Reamde – A review

On my scale of Neal Stephenson books, Reamde ranks near the bottom.  On my scale of all books, it ranks near the top.

Anathem was one of the most innovative books in that last several years.  Reamde resembles Anathem in its weird name, but Reamde is no Anathem.  But what is it?

Reamde is a page turner.  900 pages of “I can’t put this down.”  It is an action adventure story.

In chapter one we meet Richard and Zula Forthrast.  Richard is a Steve Jobs type computer company owner.  He has one product, a giant MMOPRG, called T’Rain,  that competes with WoW.  Zula is one of his nieces – twice orphaned and a former refugee from Eritrea – now she is a recently graduated university student who comes to work for her Uncle.

In chapter two, we find out a bit more about each character.  Richard has always been a bit uncomfortable in every role he’s occupied and has an incredibly colourful past.  But it is Zula’s choice in her most recent boyfriend that will drive the plot.

In chapter three, the action starts.  It never really stops for the rest of the book.  Peter and Zula become involved with Russian mobsters and Chinese fraudsters.  The MacGuffin is a file encrypted by the virus REAMDE that all three groups want.

The rest of the book?  Running and guns.   Explosions and hostages.  In addition to the Russians and Chinese layer on a bewildering array of Islamic Jihadists, American survivalists, Canadian bike gangs, British spies and one Hungarian hacker.  The first half of the book, novel length in its own right, deals primarily with the Russians and the encrypted file.  The second half, also book length, shifts to the Jihadists.

Stephenson has always loved geeks.  They get a lot of love here.  The staff of Richard’s company, Company 9592, is a lineup of interesting nerds.  Add in the Chinese virus writers, Zula’s boyfriend Peter and the hacker, Csongor and there is a lot for fans of Stephenson’s work to enjoy.  His use of action and technology is also exciting and familiar.  (Although I think Cory Doctorow’s For the Win dealt with the Chinese gold farmer is a more in-depth manner.)  But there is no science-fiction here.  It is set firmly in a present day world.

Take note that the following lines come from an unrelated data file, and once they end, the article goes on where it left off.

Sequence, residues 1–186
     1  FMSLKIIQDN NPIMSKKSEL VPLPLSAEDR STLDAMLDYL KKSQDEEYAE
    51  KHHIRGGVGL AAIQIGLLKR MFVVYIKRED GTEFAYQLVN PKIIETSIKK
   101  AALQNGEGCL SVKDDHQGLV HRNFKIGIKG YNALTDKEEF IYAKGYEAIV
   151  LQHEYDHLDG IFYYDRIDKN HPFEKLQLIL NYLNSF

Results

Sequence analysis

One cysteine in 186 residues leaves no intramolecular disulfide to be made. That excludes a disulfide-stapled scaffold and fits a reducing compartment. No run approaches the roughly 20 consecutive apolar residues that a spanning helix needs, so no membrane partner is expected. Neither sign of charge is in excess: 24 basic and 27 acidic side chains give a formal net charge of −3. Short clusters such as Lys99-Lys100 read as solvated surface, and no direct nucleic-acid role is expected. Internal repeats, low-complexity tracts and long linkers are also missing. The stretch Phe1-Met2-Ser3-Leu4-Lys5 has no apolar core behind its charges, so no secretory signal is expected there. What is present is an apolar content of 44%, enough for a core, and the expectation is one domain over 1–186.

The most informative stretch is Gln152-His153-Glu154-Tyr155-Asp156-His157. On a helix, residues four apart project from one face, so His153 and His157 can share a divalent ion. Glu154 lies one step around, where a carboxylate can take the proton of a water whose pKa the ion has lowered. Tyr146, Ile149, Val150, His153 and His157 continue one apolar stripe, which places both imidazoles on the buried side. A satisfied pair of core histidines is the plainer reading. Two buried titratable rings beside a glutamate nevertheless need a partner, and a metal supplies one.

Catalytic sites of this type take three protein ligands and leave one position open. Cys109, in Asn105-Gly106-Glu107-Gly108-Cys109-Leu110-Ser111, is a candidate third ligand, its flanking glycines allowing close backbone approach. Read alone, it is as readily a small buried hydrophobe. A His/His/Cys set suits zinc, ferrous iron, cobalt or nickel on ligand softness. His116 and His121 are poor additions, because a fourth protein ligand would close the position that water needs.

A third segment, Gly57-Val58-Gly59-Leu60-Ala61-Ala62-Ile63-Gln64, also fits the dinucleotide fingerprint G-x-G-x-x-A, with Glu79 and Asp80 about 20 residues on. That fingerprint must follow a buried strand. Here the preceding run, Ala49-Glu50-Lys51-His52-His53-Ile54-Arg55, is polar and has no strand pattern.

He explores the dynamics of a game company.  He looks at global terrorism.  He spends time with the MMORPG game world (but not in an Otherworld way).  And whenever something comes up that is important to the plot it gets described in detail: guns, treaded pickups, global flight paths, etc.  But most of the book is spent on the madcap action that spans the globe.  I think people will likely dislike the book for two reasons – the descriptive asides are either too frequent and distracting or Stephenson focuses too much on the plot and not enough on the exploration of these various topics.

Zula and Richard aren’t the only main characters either.  Zula drives the plot, but a vast array of people assume roles as important as Richard’s as the book progresses.  Stephenson gives each of them time in the spotlight.  The asides I explained above and the time spent with each character explain the book’s incredible length.

Why do I rank it low in the Neal Stephenson ouevre?  I miss the sci-fi.  I wanted more depth in the asides – I missed the insane detail into basically philosophy, logic and math shown in Anathem for instance.  But I was also disappointed in the end.  It surely pays out the main premise in a very satisfactory fashion.  There is a climatic gun fight that spans more than 100 pages.  But some plot elements seem to just get forgotten.  The biggest is that a war in the online world is left hanging with a game character literally wandering undirected through the game landscape.

This book most closely resembles Zodiac of Stephenson’s previous books.  That might help i the rest of my review doesn’t.  Of other writers, I don’t know of anyone quite like Stephenson.  If you have never tried him this is an easy introduction to his work.  It is hard to put down and that is trouble when there are 900 pages to turn after the first one.

But that is a good problem.

Note: I finished the book yesterday before supper.  This morning my e-mail informs me that a corrected version is available to download online.  I imagine that the revision corrects some typos, but if there is actually any major changes to the text, they are not covered in this review.


2 thoughts on “Reamde – A review

  1. Good review … I got the “corrected version” email from Amazon when about halfway through, but couldn’t find any description of what changed. There was an earlier section where I noticed some sentence fragments and a slight jump in the narrative, likely that’s what got fixed.

    My feeling, too, was that this would have been a better-than-average Tom Clancy book, but a pretty crappy Neal Stephenson book. The strange thing about my reading experience was that, simultaneously, I’ve been reading For The Win to my kids. Cory Doctorow wrote a better Neal Stephenson book than Neal Stephenson, with a TON of great insights into economics and monetary policy in virtual worlds. Surprising, since Cryptonomicon and his other earlier books spent so much time on the meaning of money.

    • Oddly Doctorow gave Reamde a very glowing review. (do not have the link handy. )

      I exclaimed to my brother, “look Stephenson covered the same material as Doctorow in the first two chapters!” info was coming fast at the beginning, but then the action started and the presentation of ideas slowed.

      The subject was certainly explored in much more depth in For the Win. I think I still prefer Reamde, but it might be more author bias than an objective rating. I think I did a review of For the Win somewhere in the blog.

      Thanks for the comment!

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